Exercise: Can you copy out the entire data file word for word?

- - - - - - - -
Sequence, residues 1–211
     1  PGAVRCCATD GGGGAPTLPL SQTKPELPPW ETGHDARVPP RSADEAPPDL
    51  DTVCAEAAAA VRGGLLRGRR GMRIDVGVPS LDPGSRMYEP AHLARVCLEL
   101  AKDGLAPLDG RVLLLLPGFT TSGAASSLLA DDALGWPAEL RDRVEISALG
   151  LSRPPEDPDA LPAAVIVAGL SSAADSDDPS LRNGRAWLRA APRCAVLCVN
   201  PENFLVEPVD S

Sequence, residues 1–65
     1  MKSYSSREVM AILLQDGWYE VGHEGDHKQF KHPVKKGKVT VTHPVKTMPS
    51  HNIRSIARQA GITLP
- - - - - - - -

Sequence, residues 1–211
     1  PGAVRCCATD GGGGAPTLPL SQTKPELPPW ETGHDARVPP RSADEAPPDL
    51  DTVCAEAAAA VRGGLLRGRR GMRIDVGVPS LDPGSRMYEP AHLARVCLEL
   101  AKDGLAPLDG RVLLLLPGFT TSGAASSLLA DDALGWPAEL RDRVEISALG
   151  LSRPPEDPDA LPAAVIVAGL SSAADSDDPS LRNGRAWLRA APRCAVLCVN
   201  PENFLVEPVD S

Sequence, residues 1–65
     1  MKSYSSREVM AILLQDGWYE VGHEGDHKQF KHPVKKGKVT VTHPVKTMPS
    51  HNIRSIARQA GITLP